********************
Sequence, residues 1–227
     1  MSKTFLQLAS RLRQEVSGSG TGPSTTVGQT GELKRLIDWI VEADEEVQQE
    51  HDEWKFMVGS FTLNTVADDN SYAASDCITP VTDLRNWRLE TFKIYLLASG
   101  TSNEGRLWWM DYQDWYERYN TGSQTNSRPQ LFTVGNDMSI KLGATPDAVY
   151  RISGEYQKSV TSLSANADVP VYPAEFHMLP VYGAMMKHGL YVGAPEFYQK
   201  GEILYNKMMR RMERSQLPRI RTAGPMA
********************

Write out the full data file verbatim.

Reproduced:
Sequence, residues 1–227
     1  MSKTFLQLAS RLRQEVSGSG TGPSTTVGQT GELKRLIDWI VEADEEVQQE
    51  HDEWKFMVGS FTLNTVADDN SYAASDCITP VTDLRNWRLE TFKIYLLASG
   101  TSNEGRLWWM DYQDWYERYN TGSQTNSRPQ LFTVGNDMSI KLGATPDAVY
   151  RISGEYQKSV TSLSANADVP VYPAEFHMLP VYGAMMKHGL YVGAPEFYQK
   201  GEILYNKMMR RMERSQLPRI RTAGPMA